The virtues of veneer - Woodshop News

The virtues of veneer

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One of the oldest forms of woodworking can add value to your work if you follow these simple steps

Thomas McDonald of Canton, Mass., owner of Thomas McDonald Fine Furniture checks out pieces from a wild flitch of veneer.

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I've heard it said that the perception of truth is more real than truth itself. That's a dangerous concept to buy into, but nonetheless it does occur in the marketplace. Consumers are often presented ideas and concepts that are not completely accurate, yet through crafty marketing concepts, things eventually become gospel. Every day our court systems are filled with so-called experts either defending or denying the claims of corporate products. Veneer is one such product that has fallen into disgrace among consumers through bad information and poor product application.

Not always so

Veneering is one of the oldest forms of artistry woodworking. Its deep roots can be traced back to ancient Egypt. Wood was rare in the Middle East region at the time, which made veneer a great alternative. Because it provided versatility in application, veneer found favor among the well-to-do and its use continued throughout history. Craftsmen quickly figured out that veneer could open up new design possibilities. Expensive hardwoods went farther in the form of veneer, and the woods could be matched easier. This, combined with the use of marquetry (the art of inlaying wood), meant veneering was here to stay.

Nothing could prove this fact more than the introduction of plywood. The first plywood sheets were used in the piano industry during the 1830s. It wasn't until the early 20th century that stock plywood panels became available. Then, with the advent of softwood plywood (designed primarily for construction), the industry standard was forever changed by revolutionizing the way buildings were constructed. Plywood has increased production for both the furniture and construction industries. Since most of us grew up in a world with plywood as the norm, we tend to forget it is veneering technology at its zenith. What softwood plywood did for the housing industry, hardwood plywood did for furniture. Prior to this mass production, craftsman had to veneer all panels themselves. Now, thanks to technology, we have readily available 32-sq.-ft. single sheets of premium hardwoods.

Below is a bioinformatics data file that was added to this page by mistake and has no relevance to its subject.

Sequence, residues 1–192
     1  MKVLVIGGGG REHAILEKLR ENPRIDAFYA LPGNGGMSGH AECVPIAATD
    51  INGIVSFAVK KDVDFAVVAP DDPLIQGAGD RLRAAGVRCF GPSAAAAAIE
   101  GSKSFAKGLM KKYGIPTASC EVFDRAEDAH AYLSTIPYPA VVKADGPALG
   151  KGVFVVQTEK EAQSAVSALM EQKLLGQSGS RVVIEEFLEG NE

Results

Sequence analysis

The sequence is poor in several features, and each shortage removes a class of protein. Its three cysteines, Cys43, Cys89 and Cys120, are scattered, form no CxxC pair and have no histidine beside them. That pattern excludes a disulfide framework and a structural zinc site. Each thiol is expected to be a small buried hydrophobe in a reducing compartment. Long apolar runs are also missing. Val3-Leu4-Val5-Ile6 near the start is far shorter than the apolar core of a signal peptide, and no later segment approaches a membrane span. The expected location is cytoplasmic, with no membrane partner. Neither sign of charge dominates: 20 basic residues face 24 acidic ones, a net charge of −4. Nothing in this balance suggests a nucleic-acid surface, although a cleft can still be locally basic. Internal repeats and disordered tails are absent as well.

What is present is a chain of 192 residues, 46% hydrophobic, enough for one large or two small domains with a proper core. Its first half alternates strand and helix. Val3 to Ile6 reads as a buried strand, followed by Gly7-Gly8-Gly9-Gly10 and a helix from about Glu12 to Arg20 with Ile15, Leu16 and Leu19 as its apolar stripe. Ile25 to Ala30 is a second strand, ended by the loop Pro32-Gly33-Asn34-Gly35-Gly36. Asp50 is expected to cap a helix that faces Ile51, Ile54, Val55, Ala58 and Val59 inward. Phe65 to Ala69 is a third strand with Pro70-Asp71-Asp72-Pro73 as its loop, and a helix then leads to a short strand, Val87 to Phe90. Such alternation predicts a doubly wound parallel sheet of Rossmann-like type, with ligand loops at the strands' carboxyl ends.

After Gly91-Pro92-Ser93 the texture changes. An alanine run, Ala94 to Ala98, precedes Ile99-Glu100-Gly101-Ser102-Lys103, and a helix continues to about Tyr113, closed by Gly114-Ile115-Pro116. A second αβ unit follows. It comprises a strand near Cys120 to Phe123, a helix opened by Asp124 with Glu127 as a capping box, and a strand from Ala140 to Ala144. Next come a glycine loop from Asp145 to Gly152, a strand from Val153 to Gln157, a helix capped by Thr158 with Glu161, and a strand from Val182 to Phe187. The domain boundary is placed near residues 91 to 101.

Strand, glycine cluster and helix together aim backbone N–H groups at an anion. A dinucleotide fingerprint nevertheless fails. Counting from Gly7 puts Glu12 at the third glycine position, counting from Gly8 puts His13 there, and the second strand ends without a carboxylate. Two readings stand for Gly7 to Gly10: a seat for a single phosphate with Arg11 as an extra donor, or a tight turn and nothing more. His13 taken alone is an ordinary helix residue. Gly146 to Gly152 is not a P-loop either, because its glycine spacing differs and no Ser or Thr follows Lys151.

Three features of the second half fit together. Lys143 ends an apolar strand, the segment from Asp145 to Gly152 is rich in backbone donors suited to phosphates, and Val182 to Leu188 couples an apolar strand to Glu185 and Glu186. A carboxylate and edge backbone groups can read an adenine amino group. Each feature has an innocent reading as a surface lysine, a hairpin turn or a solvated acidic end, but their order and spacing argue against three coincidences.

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So how is it that veneering acquired a bum wrap with consumers? It could probably be summed up as a result of misapplication and misrepresentation. And, in part, this is because veneered plywood became so readily available. It's the simple principle of supply and demand - the supply increases and the price decreases. Not only did the price of veneer drop with plywood, but also its perceived value as a viable woodworking technique.

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Most of veneer's history is found in the furniture "across the pond," where wood is more scarce. Because wood was such a plentiful resource in America, veneering was not seen as a necessity. Couple that with the fact that plywood was first produced here in the States and one can easily deduce how the market's perception of veneer was steered into the dump.

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Options and advantages

So what does all this mean for today's craftsman? The same basic advantages our predecessors discovered ring true for us. Veneer simply offers the modern-day woodworker an alternative that should not be overlooked.

  • Material and labor savings: Most of us have figured out the huge advantages of veneer plywood. Think of how plywood allows us to do larger projects quicker and more efficiently. Material is not only in a large format size, but is generally ready to finish with minimal sanding and preparation. This, coupled with the fact that hardwood plywood is so readily available, makes veneering a smart business choice.
  • Grain and color matching: Wood is a product of nature. That means each piece will be unique. Some designs call for uniformity and consistency. This is difficult to achieve with solid wood, especially on large projects. A large public job I worked on a while back used several thousand square feet of bird's-eye maple paneling. Even if that much solid wood had been available, the taxpayers would have revolted against the state legislators. In addition, the architect insisted on uniformity of grain and color. Using veneer allowed us to purchase flitches from just a few trees that ensured the best chance of matching.
  • Large single panels: How many times have you needed to use a large panel, either as part of the design or an independent piece such as a passage door? Using solid wood requires milling component pieces and gluing them together. This involves matching and can be laborious (as previously mentioned). Veneering allows the craftsman to create large panels easily while maintaining design integrity.
  • Stability: Creating the likes of a large panel in wood should always be a concern. The organic properties of wood mean it's always moving. Wood takes on and releases moisture depending on environment and season. I was taught to never underestimate the power of wood movement. There are no glues or fasteners that will prevent it from moving. Therefore solid wood construction requires design that allows for movement. The beauty of veneering is that the designer has more latitude in what can be done with the wood. So long as the veneer has been bonded on a stable substrate, its movement is minimized.